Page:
notes-nerv-endo - BIOL 326 General Physiology Animal...

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1 BIOL 326 - General Physiology Animal Physiology Lecture Notes : Nervous and endocrine systems . February 3 -12 , 2010 Dr M. Sweeney-Nixon rd th Objectives: At the end of this section, you will be able to describe how organismal homeostasis is maintained in animals. 1. organization of endocrine and nervous systems in animals. 2. names of endocrine glands and the hormones they release. 3. names & functions of hormones & some neurotransmitters (ACH, NA). 4. Basic homeostatic nervous and endocrine reflexes (including neuro-endocrine reflexes). Animals must maintain homeostasis in the face of ‘stress’. For an animal, stress is not necessarily what humans define as stress. It is anything that threatens its survival. 9 or 8 blood glucose : threatens the ability to produce ATP and do biological work; changes osmolarity (consistency of blood). 9 or 8 blood Ca 2+ : threatens muscle contraction, including the heart (which beats/contracts constantly) and the diaphragm, which is essential for ventilation (breathing). 9 blood pressure : threatens blood circulation to the brain & other organs 8 or 9 blood osmolarity : threatens tissue water/volume/shape etc 8 22 blood CO / 9 blood pH or O : threatens proteins and the ability to make ATP Other: predation, drought, fasting, weight loss, illness etc. Biological control systems : An animal’s survival depends on receiving and correctly interpreting information from its external environment (e.g. light, infrared radiation, sound waves, temperature, pressure, chemicals [taste and smell, pheromones], electric &magnetic fields) and internal environment (chemicals e.g. glucose, pH, body temperature, pressure). All animals have biological control systems (see intro notes): sensors that monitor physiological variables, afferent and efferent paths, and an integration center. In a simple endocrine control system, the endocrine system detects and responds, whereas in the majority of cases, the nervous system detects and responds using neuronal circuits (see below) or neuroendocrine circuits. Thus, “animals have 2 systems of internal communication and regulation, the nervous system and the endocrine system” (Campbell, 5th ed., p. 894 [from Chapter 45])”. The nervous system is faster , as it consists of neurons firing electrical signals (action potentials) that take only milliseconds. The released chemical signal has a local effect , which contributes to the speed. In contrast, the endocrine system is slower - responses require release of hormones from secretory cells or glands into the circulation (blood or hemolymph); some effects are on transcription and so responses takes minutes, hours, days and sometimes weeks. There is a signaling cell ( neuron ; endocrine gland or tissue ) that releases molecules ( neurotransmitters , hormones and neurohormones ) that affect target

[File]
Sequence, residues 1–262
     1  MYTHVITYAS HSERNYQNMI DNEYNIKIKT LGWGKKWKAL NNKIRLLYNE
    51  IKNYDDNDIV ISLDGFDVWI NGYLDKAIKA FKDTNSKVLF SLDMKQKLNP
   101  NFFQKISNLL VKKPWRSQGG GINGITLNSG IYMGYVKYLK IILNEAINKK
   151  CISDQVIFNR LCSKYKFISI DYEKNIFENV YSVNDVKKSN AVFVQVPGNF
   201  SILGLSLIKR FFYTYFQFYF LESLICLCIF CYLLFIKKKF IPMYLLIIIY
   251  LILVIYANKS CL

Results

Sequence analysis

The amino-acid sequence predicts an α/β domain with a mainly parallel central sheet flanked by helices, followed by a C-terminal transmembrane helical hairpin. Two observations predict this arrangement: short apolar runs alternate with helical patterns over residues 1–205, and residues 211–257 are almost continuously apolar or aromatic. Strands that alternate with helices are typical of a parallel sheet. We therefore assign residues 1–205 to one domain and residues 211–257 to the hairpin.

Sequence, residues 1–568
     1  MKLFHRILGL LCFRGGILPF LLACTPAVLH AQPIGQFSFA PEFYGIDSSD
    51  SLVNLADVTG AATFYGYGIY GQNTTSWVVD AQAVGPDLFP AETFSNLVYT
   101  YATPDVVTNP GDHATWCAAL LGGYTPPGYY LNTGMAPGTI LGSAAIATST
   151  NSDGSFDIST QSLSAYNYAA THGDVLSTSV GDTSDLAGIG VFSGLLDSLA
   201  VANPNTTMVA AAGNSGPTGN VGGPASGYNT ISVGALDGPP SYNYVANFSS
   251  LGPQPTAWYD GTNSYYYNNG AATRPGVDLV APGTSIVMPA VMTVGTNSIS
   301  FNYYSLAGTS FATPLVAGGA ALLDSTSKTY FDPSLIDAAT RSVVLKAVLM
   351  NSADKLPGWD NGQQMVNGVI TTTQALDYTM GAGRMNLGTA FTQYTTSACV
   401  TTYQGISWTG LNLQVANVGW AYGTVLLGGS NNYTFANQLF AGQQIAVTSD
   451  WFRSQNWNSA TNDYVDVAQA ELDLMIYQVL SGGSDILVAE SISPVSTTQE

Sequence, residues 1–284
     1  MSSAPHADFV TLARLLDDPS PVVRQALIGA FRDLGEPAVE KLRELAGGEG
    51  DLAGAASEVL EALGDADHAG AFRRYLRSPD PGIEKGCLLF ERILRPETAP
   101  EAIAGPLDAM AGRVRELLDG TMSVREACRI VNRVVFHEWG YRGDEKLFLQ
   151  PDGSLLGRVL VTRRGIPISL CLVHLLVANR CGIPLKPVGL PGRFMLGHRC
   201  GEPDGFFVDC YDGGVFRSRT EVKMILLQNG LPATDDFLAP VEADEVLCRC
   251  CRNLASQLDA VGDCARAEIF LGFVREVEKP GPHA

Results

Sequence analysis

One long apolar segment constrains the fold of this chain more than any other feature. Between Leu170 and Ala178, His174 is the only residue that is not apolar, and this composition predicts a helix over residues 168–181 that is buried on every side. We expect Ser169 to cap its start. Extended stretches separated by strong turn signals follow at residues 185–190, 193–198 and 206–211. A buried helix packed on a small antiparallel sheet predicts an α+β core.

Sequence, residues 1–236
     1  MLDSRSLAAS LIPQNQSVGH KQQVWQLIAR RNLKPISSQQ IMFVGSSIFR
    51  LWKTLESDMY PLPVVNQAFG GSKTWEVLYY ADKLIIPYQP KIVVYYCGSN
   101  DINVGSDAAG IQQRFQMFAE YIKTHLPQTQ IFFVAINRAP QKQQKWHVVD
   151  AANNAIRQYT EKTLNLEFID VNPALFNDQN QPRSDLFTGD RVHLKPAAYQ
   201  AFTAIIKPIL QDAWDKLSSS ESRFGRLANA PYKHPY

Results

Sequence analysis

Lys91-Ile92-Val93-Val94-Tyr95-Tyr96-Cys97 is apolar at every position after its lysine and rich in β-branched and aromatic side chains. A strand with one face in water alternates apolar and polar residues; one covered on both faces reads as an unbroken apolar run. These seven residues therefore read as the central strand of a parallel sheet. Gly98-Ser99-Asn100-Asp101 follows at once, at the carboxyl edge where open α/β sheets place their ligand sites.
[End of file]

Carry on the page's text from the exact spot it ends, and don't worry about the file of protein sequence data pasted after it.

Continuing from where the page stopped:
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2 cells by binding to receptors, leading to many diverse effects. Neurotransmitter effects are mediated by receptors in the plasma membrane of the target cell; water soluble hormones (adrenaline, peptides) also act at the membrane of the target cell following release by exocytosis.
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This note was uploaded on 03/30/2010 for the course BIOLOGY 326 taught by Professor James during the Spring '10 term at York University.

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notes-nerv-endo - BIOL 326 General Physiology Animal...

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